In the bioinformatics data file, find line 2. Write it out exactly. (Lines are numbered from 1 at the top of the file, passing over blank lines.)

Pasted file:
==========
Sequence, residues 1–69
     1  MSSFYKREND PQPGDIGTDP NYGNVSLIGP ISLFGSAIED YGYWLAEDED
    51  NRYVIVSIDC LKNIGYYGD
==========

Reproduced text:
     1  MSSFYKREND PQPGDIGTDP NYGNVSLIGP ISLFGSAIED YGYWLAEDED